“Ulcer” is a scary word for anyone. For diabetics, it’s even scarier.
Those with insufficient blood flow or unchecked blood sugar can experience severe complications from untreated foot ulcers, more so than other individuals.
Let’s look at what puts those with diabetes at higher risk for infection and how you can prevent and treat this concerning foot problem.
What is a Foot Ulcer?
In their simplest form, foot ulcers are open sores or wounds that won’t heal.
There are three types of foot ulcers:
- Venous ulcers, which are often seen in those with leg swelling or vein-related conditions
- Arterial or ischemic ulcers, which affect those with poor circulation
- Neurotropic or “diabetic foot” ulcers, commonly seen on the bottom of the feet of those with diabetes
For the sake of this article, we are going to focus on the diabetic foot ulcers exclusively, although foot ulcers do affect a wide variety of others, including those with foot deformities like bunions or hammertoes, people who wear ill-fitting shoes and more.
Why Are Diabetics More Prone to Developing Foot Ulcers?
Approximately 15% of those with diabetes suffer from foot ulcers, according to Advancing Foot & Ankle Medicine and Surgery (APMA). To make matters worse, 6% of those patients will require hospitalization due to an infection or other complication.
It begs the question, “What puts diabetics at higher risk of getting foot ulcers?”
Elevated blood glucose levels over time can cause nerve damage to the extremities, or a condition called neuropathy.
This nerve damage can make it difficult for diabetics to feel pain in their legs, ankles and feet. Wearing ill-fitting shoes can cause rubbing that produces a wound, walking barefoot can cause a lesion or tight footwear can cause circulation issues. Without the ability to sense pain, these issues often go unnoticed and worsen with time.
This is especially true for older patients, who may lose the ability to reach and care for their feet and neglect to maintain hygiene and routine care.
In addition, elevations in blood glucose can reduce the body’s ability to fight off a potential infection as well as slow healing time. Because of this, diabetics typically have more trouble resisting and recovering from foot ulcer-related issues.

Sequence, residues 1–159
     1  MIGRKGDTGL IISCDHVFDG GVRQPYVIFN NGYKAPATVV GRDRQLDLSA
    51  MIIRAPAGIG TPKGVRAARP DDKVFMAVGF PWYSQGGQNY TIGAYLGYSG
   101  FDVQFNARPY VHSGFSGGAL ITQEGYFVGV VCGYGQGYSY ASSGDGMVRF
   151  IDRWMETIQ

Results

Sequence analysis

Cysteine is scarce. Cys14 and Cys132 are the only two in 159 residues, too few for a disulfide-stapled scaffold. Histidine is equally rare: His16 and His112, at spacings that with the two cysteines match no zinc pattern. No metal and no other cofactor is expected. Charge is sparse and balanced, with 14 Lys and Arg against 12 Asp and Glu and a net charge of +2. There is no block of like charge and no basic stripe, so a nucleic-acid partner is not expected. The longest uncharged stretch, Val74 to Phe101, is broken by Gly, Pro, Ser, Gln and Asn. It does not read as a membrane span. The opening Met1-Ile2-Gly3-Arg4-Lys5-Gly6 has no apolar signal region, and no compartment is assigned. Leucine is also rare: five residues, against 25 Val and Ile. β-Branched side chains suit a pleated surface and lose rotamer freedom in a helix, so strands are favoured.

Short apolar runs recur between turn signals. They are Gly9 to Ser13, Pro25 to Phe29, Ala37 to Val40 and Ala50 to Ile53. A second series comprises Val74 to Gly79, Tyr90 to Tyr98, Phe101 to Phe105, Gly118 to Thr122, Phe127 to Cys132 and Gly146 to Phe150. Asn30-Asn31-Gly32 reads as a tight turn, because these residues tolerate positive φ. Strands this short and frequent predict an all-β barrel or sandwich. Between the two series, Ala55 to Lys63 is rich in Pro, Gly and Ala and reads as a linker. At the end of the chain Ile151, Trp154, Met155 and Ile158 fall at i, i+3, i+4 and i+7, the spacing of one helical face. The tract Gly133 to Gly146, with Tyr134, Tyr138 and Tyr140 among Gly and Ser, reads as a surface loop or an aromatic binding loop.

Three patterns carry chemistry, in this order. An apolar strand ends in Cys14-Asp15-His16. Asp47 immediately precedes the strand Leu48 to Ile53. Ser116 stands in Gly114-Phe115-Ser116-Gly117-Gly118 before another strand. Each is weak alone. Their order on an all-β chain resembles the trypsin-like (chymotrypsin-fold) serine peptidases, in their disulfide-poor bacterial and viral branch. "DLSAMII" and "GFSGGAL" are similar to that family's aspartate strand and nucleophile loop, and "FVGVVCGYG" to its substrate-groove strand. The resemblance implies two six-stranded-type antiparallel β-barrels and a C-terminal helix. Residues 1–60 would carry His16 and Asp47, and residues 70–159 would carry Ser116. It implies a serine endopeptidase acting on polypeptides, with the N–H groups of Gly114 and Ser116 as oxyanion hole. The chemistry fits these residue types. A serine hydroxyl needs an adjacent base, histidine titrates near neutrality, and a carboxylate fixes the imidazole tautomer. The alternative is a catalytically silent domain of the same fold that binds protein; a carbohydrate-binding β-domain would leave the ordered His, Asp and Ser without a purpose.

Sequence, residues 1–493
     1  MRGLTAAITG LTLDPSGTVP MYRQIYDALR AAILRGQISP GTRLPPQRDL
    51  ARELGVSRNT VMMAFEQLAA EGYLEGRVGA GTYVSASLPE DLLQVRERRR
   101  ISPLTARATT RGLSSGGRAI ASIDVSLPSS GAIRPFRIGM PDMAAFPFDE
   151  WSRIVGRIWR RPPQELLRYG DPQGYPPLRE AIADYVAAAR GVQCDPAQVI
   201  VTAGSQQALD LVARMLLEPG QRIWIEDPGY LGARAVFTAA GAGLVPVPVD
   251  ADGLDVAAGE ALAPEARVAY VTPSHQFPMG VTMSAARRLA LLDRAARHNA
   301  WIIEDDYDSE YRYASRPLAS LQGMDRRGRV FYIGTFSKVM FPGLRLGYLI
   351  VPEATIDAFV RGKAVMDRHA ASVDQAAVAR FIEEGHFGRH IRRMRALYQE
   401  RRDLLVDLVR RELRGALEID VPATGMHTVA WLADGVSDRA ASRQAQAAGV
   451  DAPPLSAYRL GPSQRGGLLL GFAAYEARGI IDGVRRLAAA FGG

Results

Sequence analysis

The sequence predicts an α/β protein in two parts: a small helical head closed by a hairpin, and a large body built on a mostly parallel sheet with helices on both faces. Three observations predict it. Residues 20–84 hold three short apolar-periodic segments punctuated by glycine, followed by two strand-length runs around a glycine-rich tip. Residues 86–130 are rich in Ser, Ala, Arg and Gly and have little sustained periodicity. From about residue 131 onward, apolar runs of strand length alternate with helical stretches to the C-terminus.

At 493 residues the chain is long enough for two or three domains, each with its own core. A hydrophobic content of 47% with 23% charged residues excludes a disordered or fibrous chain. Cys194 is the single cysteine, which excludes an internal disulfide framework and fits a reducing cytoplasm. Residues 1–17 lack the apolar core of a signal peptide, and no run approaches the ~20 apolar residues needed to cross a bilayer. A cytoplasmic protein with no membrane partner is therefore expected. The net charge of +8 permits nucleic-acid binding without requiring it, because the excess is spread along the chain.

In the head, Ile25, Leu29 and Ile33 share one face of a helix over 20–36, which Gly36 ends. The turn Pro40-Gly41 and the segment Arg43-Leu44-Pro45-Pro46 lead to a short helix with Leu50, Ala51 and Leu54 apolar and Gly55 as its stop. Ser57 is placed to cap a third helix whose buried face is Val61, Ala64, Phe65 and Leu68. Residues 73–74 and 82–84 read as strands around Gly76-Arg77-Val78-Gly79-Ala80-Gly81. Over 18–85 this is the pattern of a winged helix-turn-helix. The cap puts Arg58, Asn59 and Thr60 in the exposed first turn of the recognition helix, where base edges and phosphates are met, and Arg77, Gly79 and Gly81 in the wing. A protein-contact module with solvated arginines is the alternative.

Diabetic Foot Ulcer Symptoms
While ulcers can form in many areas, those with diabetes often suffer from wounds on the bottom/soles of their feet, as this is where the skin is subject to the most pressure from body weight.
Because neuropathy is common and diabetics often don’t feel pain around the ulcer, sensitivity is often not a symptom.
Instead, here are a few things to look out for:
- Drainage from pussing or oozing
- Redness or swelling around the wound
- A foul-smell, from discharge
- Callused or thickened skin around the sore
- Fevering or chills
Many of these symptoms indicate infection, and if you experience any of these signs, seek treatment immediately.
Diabetic Foot Ulcer Treatment
Diabetics, in particular, are at greater risk of developing infections and take longer to heal, so timely and consistent wound care is incredibly important.
To put it into perspective, approximately 14-24% of diabetics with an ulcer need to get their foot amputated, according to APMA.
Prevent drastic measures by following these foot ulcer treatment recommendations:
- Keep the ulcer covered, clean and moist. Hydrogen peroxide or some sanitation solutions can actually dry out the would and make it worse, so use a mild soap with water to sterilize or a specialized topical cream/ointment for ulcers. Keep the wound dressed to prevent infection or further irritation.
- Off-load your foot. Off-loading simply means keeping weight and pressure off of the sore. This means you must rest and stay off your feet for long periods of time while the foot ulcer heals. A podiatrist may recommend special footwear or accessories such as padded socks to cushion the sore, a brace or even a wheelchair or crutches until the ulcer is gone.
- Carefully remove any dead skin or tissue around the wound. Sanitize your cutting tools and gently clip any “debridement,” which may prevent the sore from properly healing.
- If infected, take proper antibiotics. Infection can be extremely dangerous, so take whatever your doctor prescribes, consistently.
The Diabetic Foot Care You Need
Diabetics can experience a wide range of foot related issues, and it’s critical that they follow these important preventative measures.
If you or someone you love is experiencing a foot ulcer— don’t wait. Infection can progress quickly and in severe cases, lead to amputation.
Our team prides ourselves on our ability to get patients in for same-day appointments for emergencies. Make a quick appointment or give us a call at 239.936.5400, right away.
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